Our son hates sitting in front of the teacher. In fact most of his teachers let him decide( even though his 504 says sitting in front). Bad idea, he is a junior in high school and in an Anatomy and Physiological class. The teacher let him sit in the back first few weeks.

Once the first small test comes in and he got a bad grade we had a parent conference. The teacher moved him to the front and he started doing much better. Same as your daughter.. he doesn't want attention drawn on him. I just stand strong on the things he needs.

MaudQ profile image

Oh, and also therapy!

Nanchli profile image

I am in the same boat. I have a gut feeling my son has ADD, He refuses all kind of help and says "I dont need help". He is almost 18 :(

We have an appt coming up in couple months (yes long wait to see a specialist) In a meanwhile I am hoping he be on same page as me. In my heart I know medication is the answer we been seeking for! its a matter of convincing him! I wish I would have done this sooner! I keep trying natural stuff in the hope that something will work , and the negative side effects of medications made me scare to try them sooner.

Now that seems like our last HOPE!

Its sooooooooooooooo hard seeing him struggle every single day.

Onthemove1971 profile image
Onthemove1971 in reply to Nanchli

I can tell you from our experience, our son doesn't "feel" anything when he takes his medication, he just knows he "acts" better. He has no side effects and since it wears off around 3:30pm he knows life with and without medication. When he was younger we also had him take a booster dose so he could get through the evening with tutoring and sports. I hope your son can get the help he needs.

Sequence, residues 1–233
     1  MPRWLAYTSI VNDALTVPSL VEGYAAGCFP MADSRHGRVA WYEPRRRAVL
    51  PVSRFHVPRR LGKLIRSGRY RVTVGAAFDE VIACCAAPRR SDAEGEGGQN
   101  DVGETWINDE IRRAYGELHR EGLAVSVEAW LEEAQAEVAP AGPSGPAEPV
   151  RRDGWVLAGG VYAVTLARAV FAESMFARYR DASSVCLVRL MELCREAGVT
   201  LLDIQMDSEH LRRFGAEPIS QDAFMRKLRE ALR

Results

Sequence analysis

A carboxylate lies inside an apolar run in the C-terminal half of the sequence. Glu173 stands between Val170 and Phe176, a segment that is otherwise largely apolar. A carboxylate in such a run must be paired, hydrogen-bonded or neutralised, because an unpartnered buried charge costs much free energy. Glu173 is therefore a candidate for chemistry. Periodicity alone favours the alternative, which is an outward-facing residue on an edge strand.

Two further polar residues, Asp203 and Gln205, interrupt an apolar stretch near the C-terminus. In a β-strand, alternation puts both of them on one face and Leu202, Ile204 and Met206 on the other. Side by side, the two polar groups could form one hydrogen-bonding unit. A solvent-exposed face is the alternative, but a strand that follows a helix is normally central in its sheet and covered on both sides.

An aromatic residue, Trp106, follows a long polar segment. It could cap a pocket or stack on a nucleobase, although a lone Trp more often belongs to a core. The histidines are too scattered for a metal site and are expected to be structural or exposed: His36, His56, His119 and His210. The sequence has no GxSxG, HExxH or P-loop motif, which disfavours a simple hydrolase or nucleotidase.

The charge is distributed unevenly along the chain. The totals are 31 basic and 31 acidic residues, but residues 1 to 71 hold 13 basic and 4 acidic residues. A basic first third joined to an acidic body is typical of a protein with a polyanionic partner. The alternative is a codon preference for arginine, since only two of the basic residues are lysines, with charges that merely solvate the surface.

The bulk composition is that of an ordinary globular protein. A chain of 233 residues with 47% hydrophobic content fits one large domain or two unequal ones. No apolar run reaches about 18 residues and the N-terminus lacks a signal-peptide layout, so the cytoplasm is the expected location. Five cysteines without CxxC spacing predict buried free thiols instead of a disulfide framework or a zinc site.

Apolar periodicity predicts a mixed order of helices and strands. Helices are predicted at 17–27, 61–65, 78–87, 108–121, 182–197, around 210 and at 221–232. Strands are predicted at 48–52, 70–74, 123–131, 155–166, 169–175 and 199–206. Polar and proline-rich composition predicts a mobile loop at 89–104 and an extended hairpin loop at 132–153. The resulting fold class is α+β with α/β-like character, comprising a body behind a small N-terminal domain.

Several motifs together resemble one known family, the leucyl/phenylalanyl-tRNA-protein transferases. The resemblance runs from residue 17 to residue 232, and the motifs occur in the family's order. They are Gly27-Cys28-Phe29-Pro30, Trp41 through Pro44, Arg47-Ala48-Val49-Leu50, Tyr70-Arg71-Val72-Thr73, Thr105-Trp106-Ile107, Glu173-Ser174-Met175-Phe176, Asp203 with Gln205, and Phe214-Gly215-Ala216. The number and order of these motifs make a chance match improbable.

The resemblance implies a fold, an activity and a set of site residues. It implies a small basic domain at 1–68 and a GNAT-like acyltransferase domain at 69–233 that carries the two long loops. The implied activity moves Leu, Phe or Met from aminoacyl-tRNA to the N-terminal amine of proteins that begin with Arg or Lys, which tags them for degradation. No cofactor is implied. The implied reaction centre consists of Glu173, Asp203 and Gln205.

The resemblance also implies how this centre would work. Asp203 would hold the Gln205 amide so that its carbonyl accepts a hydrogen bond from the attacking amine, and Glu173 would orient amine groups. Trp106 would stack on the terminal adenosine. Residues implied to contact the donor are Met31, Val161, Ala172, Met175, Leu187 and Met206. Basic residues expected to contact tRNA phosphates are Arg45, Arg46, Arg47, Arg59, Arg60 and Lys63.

Thanks for sharing.

adhdteen_mom profile image

I understand you. My son is 15 now, and in 10th grade. He began medication for ADHD, inattentive-type, around 5th grade. It has been a roller coaster ride, in terms of his compliance/cooperation. He has gone through periods of refusing to take it, then he would start again-stating he notices the difference and it helps him in school. This year, in 10th grade, he has mostly taking it , and now just this past week, he does not want to because he expresses it makes him 'NOT HIMSELF'. So, I get it, this is a difficult journey. We want to honor their feelings and input, but also worry about how NOT taking the meds affect their performance in school. It's one day at a time for us over here.

Remember, skipping a day or a few days is OK, since it's not a medication that needs to be taken daily to be effective, like anxiety meds- which my son has been on as well. He is not taking those, as he feels he doesn't need them anymore. He has guidance counseling 2xmonth in school, and now private therapy 1x week again. (That's been on and off over the years since elementary school as well. For periods, he doesn't want to go to therapy. Right now, he is and it helps just to talks and get things off his chest with a professional and objective point of view.

adhdteen_mom profile image

Hope my sharing this helps you. <3